“Straight hair is the hair of the gods,” he stated authoritatively. I kept my eyes lowered and focused on my plate with the hopes that the morning nuisance would simply disappear; get struck by rogue lightening, or knocked out by a coconut from a nearby tree that somehow, with the aid of the wind, would manage to by pass the other trees and roof above to land square on his head. The universe was not so kind. Matter of fact, it was wicked. That morning, I found out that gentleman would by my escort for the day; my ride into town to run errands with a girlfriend.
For the 45-minute ride into town and the return trip, he spent the majority of his time lecturing me and attempting to educate me about reggae music, despite my Caribbean island origins. He also attempted political discussion about Obama and tried to convince me that Russian girls were the best twerkers. By the end of the trip, it felt as if my palm would perpetually remain glued to my face.
Without a doubt, that young man was the most offensively ignorant human being I have probably encountered in the duration of my 25 years on this planet. I am not trying to paint that interaction as a norm, as the average experience. He most certainly was an outlier in his displays of ignorance and insensitivity. However, his overall condescension and cultural self-absorption was not unique — it was pretty typical behavior of White people.
I have always been very proud of my Blackness and island roots. For that reason, I was always happy to share my culture with others. I am very familiar with the way White people respond to it; sometimes with disgust, other times fetishization, but infrequently with genuine interest or intrigue. Just sit amongst a group of White people and play a Dancehall reggae or Soca music video to catch my drift. At the glimpse of a moving waistline, shaking booty or gyrating crotch, White people often cringe and flinch as if they are witnessing an exorcism.
“Do people really dance like that?” they often inquire with a hint of disgust or piqued sexual interest, as their eyes remain glued to the screen.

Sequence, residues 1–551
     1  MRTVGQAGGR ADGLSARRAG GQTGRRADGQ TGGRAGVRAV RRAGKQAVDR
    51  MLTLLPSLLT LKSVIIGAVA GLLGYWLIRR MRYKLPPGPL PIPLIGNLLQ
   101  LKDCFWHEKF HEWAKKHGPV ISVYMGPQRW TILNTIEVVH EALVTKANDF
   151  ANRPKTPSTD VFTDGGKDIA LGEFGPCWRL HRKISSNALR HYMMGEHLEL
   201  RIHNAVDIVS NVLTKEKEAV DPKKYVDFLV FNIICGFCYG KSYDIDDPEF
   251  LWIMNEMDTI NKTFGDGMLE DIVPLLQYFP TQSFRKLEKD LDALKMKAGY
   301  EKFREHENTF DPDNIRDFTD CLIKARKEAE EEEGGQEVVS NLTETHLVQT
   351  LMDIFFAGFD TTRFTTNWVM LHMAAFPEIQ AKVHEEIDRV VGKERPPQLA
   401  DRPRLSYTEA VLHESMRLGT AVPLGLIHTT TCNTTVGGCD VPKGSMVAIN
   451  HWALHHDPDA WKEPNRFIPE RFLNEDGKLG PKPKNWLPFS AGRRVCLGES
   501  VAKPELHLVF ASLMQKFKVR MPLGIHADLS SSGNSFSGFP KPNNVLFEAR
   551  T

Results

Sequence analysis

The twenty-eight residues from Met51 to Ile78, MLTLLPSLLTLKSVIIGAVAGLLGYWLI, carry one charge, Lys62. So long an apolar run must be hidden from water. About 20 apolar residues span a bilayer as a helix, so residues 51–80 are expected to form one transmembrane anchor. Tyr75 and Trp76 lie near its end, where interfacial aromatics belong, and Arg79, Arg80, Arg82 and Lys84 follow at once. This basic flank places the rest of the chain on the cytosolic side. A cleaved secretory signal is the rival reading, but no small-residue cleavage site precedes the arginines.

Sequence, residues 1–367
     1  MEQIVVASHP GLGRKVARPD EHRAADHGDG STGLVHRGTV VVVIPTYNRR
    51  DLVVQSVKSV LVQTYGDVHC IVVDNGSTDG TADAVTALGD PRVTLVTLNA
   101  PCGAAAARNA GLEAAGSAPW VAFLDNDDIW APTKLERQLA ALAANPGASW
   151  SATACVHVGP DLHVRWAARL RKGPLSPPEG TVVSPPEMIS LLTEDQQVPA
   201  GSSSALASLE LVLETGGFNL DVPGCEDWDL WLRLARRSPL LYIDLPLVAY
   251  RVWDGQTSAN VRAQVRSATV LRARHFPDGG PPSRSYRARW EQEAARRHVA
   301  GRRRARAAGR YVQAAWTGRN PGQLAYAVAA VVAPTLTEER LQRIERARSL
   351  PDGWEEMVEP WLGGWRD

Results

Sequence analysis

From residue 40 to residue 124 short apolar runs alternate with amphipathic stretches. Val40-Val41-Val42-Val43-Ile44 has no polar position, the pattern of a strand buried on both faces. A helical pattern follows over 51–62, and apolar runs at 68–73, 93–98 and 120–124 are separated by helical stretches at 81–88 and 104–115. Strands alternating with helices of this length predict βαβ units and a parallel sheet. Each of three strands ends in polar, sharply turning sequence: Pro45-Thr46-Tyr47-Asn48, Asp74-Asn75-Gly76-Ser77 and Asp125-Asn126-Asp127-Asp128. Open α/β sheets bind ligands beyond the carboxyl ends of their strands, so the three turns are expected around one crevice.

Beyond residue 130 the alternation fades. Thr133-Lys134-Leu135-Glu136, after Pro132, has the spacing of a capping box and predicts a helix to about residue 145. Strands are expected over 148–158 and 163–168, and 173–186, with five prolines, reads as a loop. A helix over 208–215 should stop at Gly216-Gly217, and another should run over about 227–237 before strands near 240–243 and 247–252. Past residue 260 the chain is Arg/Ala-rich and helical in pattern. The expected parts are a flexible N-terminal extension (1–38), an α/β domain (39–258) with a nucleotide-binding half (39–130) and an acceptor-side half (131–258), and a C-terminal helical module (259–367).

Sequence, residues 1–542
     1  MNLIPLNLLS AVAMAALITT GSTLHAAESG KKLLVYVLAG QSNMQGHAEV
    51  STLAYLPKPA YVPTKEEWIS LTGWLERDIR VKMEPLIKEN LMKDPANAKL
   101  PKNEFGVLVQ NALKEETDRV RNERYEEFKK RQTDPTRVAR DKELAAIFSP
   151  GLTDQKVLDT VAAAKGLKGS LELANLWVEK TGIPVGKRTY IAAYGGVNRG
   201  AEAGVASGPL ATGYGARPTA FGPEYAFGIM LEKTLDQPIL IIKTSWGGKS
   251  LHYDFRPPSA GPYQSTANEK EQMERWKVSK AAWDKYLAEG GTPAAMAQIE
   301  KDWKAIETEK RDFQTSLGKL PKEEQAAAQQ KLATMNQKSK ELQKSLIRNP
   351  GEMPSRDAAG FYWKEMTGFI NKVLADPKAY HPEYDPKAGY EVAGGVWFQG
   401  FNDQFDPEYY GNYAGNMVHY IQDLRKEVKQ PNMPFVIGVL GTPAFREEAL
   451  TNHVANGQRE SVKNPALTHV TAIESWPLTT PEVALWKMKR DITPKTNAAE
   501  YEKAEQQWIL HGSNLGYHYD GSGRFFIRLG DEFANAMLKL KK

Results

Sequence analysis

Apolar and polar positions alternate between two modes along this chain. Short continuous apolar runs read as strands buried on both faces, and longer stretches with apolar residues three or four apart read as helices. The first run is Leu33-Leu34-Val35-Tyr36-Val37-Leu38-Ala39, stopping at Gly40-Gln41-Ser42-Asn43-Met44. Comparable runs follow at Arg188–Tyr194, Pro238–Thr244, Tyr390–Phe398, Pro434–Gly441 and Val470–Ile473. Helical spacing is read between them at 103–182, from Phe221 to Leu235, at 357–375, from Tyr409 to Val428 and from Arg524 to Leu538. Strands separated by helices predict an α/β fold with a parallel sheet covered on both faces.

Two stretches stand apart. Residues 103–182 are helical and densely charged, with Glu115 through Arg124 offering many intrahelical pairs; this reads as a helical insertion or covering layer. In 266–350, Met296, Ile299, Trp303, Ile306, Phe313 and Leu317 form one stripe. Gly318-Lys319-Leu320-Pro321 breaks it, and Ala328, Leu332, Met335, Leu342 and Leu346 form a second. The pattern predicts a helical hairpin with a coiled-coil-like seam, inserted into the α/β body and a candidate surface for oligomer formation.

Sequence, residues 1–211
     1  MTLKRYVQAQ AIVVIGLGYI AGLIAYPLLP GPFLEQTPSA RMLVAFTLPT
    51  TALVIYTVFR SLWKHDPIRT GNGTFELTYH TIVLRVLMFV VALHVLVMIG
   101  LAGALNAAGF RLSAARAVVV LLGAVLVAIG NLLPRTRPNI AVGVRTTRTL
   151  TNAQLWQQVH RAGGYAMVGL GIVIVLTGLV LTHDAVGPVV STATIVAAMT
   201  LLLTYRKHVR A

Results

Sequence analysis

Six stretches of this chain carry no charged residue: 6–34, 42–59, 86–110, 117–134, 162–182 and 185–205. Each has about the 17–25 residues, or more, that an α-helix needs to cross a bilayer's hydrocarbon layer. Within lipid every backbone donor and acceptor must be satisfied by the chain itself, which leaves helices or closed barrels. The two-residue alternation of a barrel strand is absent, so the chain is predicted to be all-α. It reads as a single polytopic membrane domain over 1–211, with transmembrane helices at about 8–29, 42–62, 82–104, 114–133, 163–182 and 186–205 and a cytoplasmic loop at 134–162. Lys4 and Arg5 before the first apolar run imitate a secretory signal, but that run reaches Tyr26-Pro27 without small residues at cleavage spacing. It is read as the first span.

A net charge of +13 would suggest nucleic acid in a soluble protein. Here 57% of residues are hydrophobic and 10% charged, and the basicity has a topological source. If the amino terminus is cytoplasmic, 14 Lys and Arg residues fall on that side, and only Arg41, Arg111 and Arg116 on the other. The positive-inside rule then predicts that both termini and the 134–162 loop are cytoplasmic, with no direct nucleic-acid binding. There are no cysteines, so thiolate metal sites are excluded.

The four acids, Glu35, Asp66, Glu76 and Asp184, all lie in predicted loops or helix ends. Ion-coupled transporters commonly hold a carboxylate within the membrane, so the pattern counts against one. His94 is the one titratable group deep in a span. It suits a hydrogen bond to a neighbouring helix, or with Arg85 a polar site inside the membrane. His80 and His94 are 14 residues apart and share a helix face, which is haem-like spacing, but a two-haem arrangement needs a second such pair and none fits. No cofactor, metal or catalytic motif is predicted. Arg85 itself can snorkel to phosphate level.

“Yes. We wine, wuk, kotch, jook, bruk it down,” I respond with the high strung tone of a college professor giving a lecture on introductory island culture.
“This form of cultural expression is rooted in African tradition that dates back to the beginnings of human civilization,” I continue to lecture to my captivated, wide-eyed White audience. They often shift uncomfortably in their seats until the educational moment has ended.
I broached such conversations in this manner not in an attempt to legitimize my culture or African culture or make it more acceptable to White people, but because it adds the dimension of comedy. It allows me to entertain myself, chuckle a bit, instead of confronting White diminishment with anger or disappointment. Afterwards, I relay such stories to my Black friends and we all laugh at the expense of White ignorance. That is my way of maintaining my sanity.
As I stood alongside the curb, waiting for a taxi in front of the airport and a car drove by blasting Machel Montano’s track “Gyal Wuk,” I thought about all of those uncomfortable conversations I had been forced into over the course of my life and travels. I could also feel my waistline begin to roll to the bass, as if my mind had no control over my body’s desire to express itself freely, something it couldn’t do over the course of my three months in Hawaii, constrained by the White gaze that would view such movements as overtly sexual or shameful. I dropped my huge backpack, tent and bag of Hawaiian goodies and busted out a wine for everyone to see.
“But gyal, dis is an international airport not Aripita Avenue!” a taxi driver said — referring to the famous Avenue where masqueraders parade during Carnival — with a grin as he picked up my bag to throw it into his trunk.
“Listen, I reach home,” I responded, “And if it is wine, I want wine, then just let me be, nah.”
“Well, ya get through,” he said jokingly. “Nobody c’yah tell ya nothing.”
I laughed and did my two step “chip” to the car, my waist rolling freely. I’m home, in my country, Trinidad and Tobago. And nobody c’yah tell me nothing.